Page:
20. Are any exemptions or reliefs available to the liable party? If yes, provide brief details.

See Question 19.

Intragroup stamp duty relief (see Question 15) may also be available to the liable party provided the conditions in section 45 of the SDO are met.

 
21. What transaction structures (if any) are commonly used to minimise the tax burden? Give brief details of the effect of each structure.
 

Joint ventures

22. What taxes are potentially payable on establishing a joint venture company (JVC)?

Stamp duty

No specific tax is payable on establishing a joint venture company. However, the purchase of immovable property in Hong Kong for the joint venture is subject to stamp duty.

 
23. Are any exemptions or reliefs available to the liable party? If yes, provide brief details.

Intragroup stamp duty relief (see Questions 15 and 20) may also be available to the liable party.

 
24. What transaction structures (if any) are commonly used to minimise the tax burden? Give brief details of the effect of each structure.

While the corporate tax rules do not allow transferring of tax losses between corporate entities, a partner in a partnership can use its share of the partnership's tax losses to offset against its own profits. Therefore one planning technique is to form a partnership as a joint venture vehicle.

 

Company reorganisations

25. What taxes are potentially payable on a company reorganisation?

Stamp duty

Stamp duty is payable on the transfer of shares which involves a Hong Kong incorporated company. See Question 9.

Stamp duty is chargeable on the higher of consideration or market value of the assets. In a group reorganisation where assets may be transferred at below market value, stamp duty can still be calculated based on the market value of the asset.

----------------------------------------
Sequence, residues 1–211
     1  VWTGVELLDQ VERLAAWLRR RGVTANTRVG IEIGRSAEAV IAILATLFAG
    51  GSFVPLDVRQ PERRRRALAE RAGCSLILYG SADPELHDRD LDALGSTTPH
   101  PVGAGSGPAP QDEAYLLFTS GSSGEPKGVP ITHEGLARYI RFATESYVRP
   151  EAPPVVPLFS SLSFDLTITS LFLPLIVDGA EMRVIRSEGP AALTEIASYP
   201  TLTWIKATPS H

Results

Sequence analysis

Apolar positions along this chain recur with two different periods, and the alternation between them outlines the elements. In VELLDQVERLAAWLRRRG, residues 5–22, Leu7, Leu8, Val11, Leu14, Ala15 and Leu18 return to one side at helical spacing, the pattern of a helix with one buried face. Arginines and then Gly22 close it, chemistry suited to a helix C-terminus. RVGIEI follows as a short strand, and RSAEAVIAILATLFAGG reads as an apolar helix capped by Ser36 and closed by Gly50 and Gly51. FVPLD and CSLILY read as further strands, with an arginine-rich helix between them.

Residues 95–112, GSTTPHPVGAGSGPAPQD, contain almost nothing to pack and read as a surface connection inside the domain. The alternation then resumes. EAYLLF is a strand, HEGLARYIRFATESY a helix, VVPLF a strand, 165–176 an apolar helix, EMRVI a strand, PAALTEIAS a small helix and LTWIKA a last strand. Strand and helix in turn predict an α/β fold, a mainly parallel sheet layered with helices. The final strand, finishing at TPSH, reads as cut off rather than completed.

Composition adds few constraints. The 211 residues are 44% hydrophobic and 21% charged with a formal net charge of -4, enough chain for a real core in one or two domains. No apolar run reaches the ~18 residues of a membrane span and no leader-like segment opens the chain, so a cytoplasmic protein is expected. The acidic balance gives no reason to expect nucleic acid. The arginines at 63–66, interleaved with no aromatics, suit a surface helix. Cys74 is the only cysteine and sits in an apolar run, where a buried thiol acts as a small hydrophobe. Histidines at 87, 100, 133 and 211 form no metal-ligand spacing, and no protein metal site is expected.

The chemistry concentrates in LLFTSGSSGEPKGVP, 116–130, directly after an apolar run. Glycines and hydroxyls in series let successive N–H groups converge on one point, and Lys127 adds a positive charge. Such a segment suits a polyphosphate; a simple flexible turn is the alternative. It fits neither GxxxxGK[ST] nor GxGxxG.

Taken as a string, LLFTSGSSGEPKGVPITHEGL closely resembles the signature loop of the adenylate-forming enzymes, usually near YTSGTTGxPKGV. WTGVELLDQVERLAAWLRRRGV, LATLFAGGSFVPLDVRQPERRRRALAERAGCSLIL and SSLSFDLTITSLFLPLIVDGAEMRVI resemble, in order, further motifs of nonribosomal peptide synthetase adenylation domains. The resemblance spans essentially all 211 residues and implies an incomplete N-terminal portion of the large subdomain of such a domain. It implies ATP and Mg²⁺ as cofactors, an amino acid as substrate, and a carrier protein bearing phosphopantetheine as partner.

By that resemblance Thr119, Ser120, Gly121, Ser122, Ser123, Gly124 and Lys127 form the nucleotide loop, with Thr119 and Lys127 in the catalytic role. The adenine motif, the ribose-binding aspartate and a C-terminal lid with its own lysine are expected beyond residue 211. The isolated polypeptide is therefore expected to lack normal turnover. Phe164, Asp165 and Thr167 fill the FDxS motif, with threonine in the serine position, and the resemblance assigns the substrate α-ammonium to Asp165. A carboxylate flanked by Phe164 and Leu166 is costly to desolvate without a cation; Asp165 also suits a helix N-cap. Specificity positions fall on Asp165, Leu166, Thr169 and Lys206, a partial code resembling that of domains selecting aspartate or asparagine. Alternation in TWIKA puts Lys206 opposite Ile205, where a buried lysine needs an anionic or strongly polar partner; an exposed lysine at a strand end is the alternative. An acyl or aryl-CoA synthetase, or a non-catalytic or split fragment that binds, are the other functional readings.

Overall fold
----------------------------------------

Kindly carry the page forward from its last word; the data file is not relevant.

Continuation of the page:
Profits tax

There are profits tax issues in the context of a group reorganisation involving transfer of Hong Kong companies (and real estate):

  • Capital gains is not subject to tax in Hong Kong, however the onus is on the taxpayer to assert that any gains is capital in nature (see Question 9). The duration of the holding period is one of the indicators of whether an investment in a company is capital or revenue. In a group reorganisation, it is possible that a specific entity only held an investment for a short period before transferring it to another holding entity within the group. As each entity is assessed on a stand-alone basis, the enquiry is whether the transferring entity held the investment as a long-term investment, and if so, what justification exists for transferring the investment which triggered profits.

  • The parties sometimes propose to transfer group assets for nominal value, or at cost. The profits tax issue is whether the transfer is effected at less than market value to assist the transferring company to avoid tax by not realising (taxable) profits on disposal.

  • In a transfer at less than market value, there is also a provision in Hong Kong tax law that treats financial assistance as taxable receipts. Where an asset is transferred to a taxpayer at less than market value, there is a question of whether this transaction gives rise to taxable financial assistance for the transferee.